Consider the first 100 people to be infected in the UK and let us say they went on to infect 250 more people. Then the question is :- would tthey have infected less than 250 people had all 100 of them been wearing face masks from the moment of their being infected? I don't think the answer can be anything but yes. Conclusion, everbody should be wearing masks.
Title: Re: Are face masks effective against Covid-19 transmission?
Post by: Petrochemicals on 26/03/2020 23:04:54
I know that someone was ridiculed by the wider stage for suggesting medical staff could use military cbn respiration devices, but given that medical staff are dying at 12 percent of covid dead, surely its a good idea, as face masks OBVIOUSLY DO NOT WORK.
Title: Re: Are face masks effective against Covid-19 transmission?
Post by: set fair on 27/03/2020 14:56:57
I know that someone was ridiculed by the wider stage for suggesting medical staff could use military cbn respiration devices, but given that medical staff are dying at 12 percent of covid dead, surely its a good idea, as face masks OBVIOUSLY DO NOT WORK.

Clearly the masks don't prevent medical staff from being infected, but that doesn't mean that they don't reduce the spread. The medical staff wash their hands and still get infected that doesn't mean that OBVIOUSLY HAND WASHING DOES NOT WORK. For a look at the difference between counties using masks and those not, see the chart at 19:20 in this video We should all be wearing masks, even home made cotton ones washed and reworn slow the rate of spread. I wouldn't argue with your comment on military cbn respiration devices.
Title: Re: Are face masks effective against Covid-19 transmission?
Post by: Petrochemicals on 30/03/2020 01:34:45
You have to ask of our motives really, during Ebola, we thought they where adequate(https://www.thenakedscientists.com/forum/proxy.php?request=http%3A%2F%2Fanimalnewyork.com%2Fwp-content%2Fuploads%2Fgetty-ebola.jpg&hash=001eb1fb1321abd9b37ae871ae681973)

http://animalnewyork.com/2014/picture-ebola-inside-west-african-isolation-ward/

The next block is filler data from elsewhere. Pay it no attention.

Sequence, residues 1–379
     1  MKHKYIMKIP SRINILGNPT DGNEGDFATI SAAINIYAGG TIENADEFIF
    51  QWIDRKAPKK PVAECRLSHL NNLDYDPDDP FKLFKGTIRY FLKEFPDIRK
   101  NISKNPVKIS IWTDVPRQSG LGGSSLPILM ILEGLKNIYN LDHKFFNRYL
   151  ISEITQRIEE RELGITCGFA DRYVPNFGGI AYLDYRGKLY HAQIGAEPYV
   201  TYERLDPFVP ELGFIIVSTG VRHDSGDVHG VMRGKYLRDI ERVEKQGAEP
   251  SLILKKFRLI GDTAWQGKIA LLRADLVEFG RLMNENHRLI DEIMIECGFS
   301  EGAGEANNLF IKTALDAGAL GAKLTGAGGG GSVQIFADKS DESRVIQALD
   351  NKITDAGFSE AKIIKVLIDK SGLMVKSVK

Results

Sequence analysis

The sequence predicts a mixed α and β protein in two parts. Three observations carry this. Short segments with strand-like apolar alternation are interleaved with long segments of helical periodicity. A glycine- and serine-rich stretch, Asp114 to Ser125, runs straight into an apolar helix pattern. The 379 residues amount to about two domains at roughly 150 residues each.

Title: Re: Are face masks effective against Covid-19 transmission?
Post by: Petrochemicals on 30/03/2020 01:48:57
I know that someone was ridiculed by the wider stage for suggesting medical staff could use military cbn respiration devices, but given that medical staff are dying at 12 percent of covid dead, surely its a good idea, as face masks OBVIOUSLY DO NOT WORK.

Clearly the masks don't prevent medical staff from being infected, but that doesn't mean that they don't reduce the spread. The medical staff wash their hands and still get infected that doesn't mean that OBVIOUSLY HAND WASHING DOES NOT WORK. For a look at the difference between counties using masks and those not, see the chart at 19:20 in this video .
yep surgical masks prevent infection to some degree but dont protect the surgeon. As for the medical staff, what precautions are they not taking that they could other than better facial protection. There is a hole in the system, what is it? You can be sure that all hospital patients are treated inline with the standards of korean public apparel, and then some, so even surgical masks worn by patients are not very effective.

I doubt very much that medical staff are doing the wearing vinyl gloves and then having a fag with them on that I have seen. Or the licking of things in the way children have a tendancy too.
Title: Re: Are face masks effective against Covid-19 transmission?
Post by: alancalverd on 30/03/2020 08:57:49
The primary purpose of ordinary surgical kit is to prevent reasonably fit staff infecting the patient with common bugs like streptococcus. The positive pressure incoming air to theaters and critical wards is highly filtered and thus fit to breathe. But where the patient is known to carry a highly infective and novel virus, the problem is inverted and you need to step up the protection substantially, hence the full body, helmet and respirator kit worn by ebola nurses and now required for COVID.

As far as the general public is concerned, the probability and intensity of exposure are lower and can be further reduced (but not eliminated) in both directions with a simple mask.
Title: Re: Are face masks effective against Covid-19 transmission?
Post by: vhfpmr on 30/03/2020 23:12:56
This is interesting:
Title: Re: Are face masks effective against Covid-19 transmission?
Post by: Petrochemicals on 31/03/2020 18:15:07
A